Methods for Measuring and Estimating Methane Emission from Ruminants.

Storm IM, Hellwing AL, Nielsen NI, Madsen J - Animals (Basel) (2012)

Illustration of the SF6 tracer technique. Reprinted with permission from [22]. Copyright (1994) American Chemical Society.
© Copyright Policy
Related In: Results  -  Collection

License
Show All Figures
getmorefigures.php?uid=PMC4494326&req=5

animals-02-00160-f003: Illustration of the SF6 tracer technique. Reprinted with permission from [22]. Copyright (1994) American Chemical Society.
Mentions: SF6 is filled into small permeation tubes. The rate of diffusion of SF6 out of the permeation tubes is measured by placing them in a 39 °C water bath and measuring the daily weight loss until it is stable. The permeation tube is then placed in the rumen of an experimental animal and collection of air can start. The sampling apparatus consists of a collection canister, a halter and capillary tubing. The capillary tubing is placed at the nose of the animal and connected with the evacuated canister (Figure 3). The tubing regulates the sampling rate. The sampling time is typically one day [22,29,41], but emission estimates from shorter time intervals have been published [30,36]. The concentration of SF6 and CH4 in the canister is determined by gas chromatography. For more detailed description of equipment and guidance see [41]. The methane emission is calculated from the release rate of SF6 and concentration of SF6 and CH4 in the containers in excess of background level [31] as described in Equation (1).(1)FCH4=Ftracer·CCH4measured−CCH4atmCtracermeasured−Ctraceratmwhere is the total production of CH4, Ftracer is the total production or release of SF6, and are the measured concentrations of CH4 and SF6 in the experimental entity e.g., in the unit of ppm, while and are the concentrations of CH4 and SF6 in atmospheric or background air, measured with the same analyzer and in the same unit.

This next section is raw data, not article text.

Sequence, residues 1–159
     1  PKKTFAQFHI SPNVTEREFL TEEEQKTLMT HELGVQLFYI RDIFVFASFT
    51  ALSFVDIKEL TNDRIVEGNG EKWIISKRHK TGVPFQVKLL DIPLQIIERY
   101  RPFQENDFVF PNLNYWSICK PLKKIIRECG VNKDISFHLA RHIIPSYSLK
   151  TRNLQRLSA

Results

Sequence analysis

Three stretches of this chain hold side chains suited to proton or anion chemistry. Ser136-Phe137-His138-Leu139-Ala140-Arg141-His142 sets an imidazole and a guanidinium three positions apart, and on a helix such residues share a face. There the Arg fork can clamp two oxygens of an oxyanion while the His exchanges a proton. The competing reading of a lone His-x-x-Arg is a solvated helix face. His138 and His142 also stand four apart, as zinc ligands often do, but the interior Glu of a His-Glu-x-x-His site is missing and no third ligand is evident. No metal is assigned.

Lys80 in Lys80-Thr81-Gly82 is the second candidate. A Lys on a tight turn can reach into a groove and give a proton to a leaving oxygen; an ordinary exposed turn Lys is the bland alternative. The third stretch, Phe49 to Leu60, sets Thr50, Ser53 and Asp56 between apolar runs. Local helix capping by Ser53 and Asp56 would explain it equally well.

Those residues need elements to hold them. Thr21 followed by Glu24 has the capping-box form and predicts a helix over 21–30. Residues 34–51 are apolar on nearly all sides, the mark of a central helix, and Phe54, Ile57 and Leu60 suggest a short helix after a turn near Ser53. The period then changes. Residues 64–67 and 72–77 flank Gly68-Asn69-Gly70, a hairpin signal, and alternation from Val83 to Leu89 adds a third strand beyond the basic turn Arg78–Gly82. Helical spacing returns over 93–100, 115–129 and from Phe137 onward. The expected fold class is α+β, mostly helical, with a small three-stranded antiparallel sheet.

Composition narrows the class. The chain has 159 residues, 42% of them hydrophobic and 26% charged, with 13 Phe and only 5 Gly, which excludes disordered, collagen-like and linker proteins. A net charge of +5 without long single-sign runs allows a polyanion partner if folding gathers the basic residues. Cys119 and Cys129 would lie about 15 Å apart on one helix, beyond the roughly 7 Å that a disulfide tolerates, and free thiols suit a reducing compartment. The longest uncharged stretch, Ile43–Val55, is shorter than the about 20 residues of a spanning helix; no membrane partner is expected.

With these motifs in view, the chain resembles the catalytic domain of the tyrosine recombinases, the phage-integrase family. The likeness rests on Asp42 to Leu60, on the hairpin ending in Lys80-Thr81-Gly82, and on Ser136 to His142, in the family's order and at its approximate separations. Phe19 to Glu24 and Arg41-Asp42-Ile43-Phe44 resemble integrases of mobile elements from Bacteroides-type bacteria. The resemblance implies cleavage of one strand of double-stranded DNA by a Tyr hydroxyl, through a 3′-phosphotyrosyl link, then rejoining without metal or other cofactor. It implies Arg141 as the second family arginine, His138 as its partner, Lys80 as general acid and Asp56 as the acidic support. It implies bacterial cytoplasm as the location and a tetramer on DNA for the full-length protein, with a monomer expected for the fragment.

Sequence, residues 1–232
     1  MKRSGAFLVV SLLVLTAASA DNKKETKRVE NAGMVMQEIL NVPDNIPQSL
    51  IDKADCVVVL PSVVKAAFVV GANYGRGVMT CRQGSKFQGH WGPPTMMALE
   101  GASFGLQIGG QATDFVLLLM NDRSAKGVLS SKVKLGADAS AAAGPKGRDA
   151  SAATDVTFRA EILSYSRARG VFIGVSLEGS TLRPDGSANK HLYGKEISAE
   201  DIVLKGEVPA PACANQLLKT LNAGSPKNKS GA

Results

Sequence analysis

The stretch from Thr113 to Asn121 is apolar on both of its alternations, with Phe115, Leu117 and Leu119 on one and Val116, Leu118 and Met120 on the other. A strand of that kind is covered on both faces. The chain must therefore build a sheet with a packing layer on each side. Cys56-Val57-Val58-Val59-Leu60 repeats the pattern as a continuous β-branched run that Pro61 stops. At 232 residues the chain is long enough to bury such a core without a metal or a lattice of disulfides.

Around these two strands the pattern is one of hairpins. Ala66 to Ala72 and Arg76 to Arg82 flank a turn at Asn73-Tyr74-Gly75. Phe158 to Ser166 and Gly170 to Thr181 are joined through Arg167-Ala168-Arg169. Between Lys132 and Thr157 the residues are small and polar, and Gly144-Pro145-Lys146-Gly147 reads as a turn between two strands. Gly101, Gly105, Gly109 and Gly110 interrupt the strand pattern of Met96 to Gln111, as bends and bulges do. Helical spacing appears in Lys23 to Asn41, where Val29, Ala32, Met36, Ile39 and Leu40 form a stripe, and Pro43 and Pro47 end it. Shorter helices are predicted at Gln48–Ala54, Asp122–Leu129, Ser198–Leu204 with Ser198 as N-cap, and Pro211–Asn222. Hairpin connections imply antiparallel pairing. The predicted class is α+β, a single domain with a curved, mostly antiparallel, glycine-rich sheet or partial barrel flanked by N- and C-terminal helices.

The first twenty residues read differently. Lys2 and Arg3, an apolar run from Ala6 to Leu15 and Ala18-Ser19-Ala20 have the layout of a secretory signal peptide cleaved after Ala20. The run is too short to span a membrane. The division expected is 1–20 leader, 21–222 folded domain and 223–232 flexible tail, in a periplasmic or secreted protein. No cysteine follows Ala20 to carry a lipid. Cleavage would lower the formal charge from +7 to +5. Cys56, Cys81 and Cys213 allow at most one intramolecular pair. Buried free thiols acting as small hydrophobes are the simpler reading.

Bottom Line: A thorough knowledge of the advantages and disadvantages of these methods is very important in order to plan experiments, understand and interpret experimental results, and compare them with other studies.Other methods under development such as the micrometeorological technique, combined feeder and CH₄ analyzer and proxy methods are briefly mentioned.Methods of choice for estimating enteric methane emission depend on aim, equipment, knowledge, time and money available, but interpretation of results obtained with a given method can be improved if knowledge about the disadvantages and advantages are used in the planning of experiments.

View Article: PubMed Central - PubMed

Affiliation: Department of Large Animal Sciences, University of Copenhagen, Grønnegårdsvej 2, DK-1870 Frederiksberg C, Denmark. imld@life.ku.dk.

ABSTRACT
This paper is a brief introduction to the different methods used to quantify the enteric methane emission from ruminants. A thorough knowledge of the advantages and disadvantages of these methods is very important in order to plan experiments, understand and interpret experimental results, and compare them with other studies. The aim of the paper is to describe the principles, advantages and disadvantages of different methods used to quantify the enteric methane emission from ruminants. The best-known methods: Chambers/respiration chambers, SF₆ technique and in vitro gas production technique and the newer CO₂ methods are described. Model estimations, which are used to calculate national budget and single cow enteric emission from intake and diet composition, are also discussed. Other methods under development such as the micrometeorological technique, combined feeder and CH₄ analyzer and proxy methods are briefly mentioned. Methods of choice for estimating enteric methane emission depend on aim, equipment, knowledge, time and money available, but interpretation of results obtained with a given method can be improved if knowledge about the disadvantages and advantages are used in the planning of experiments.

No MeSH data available.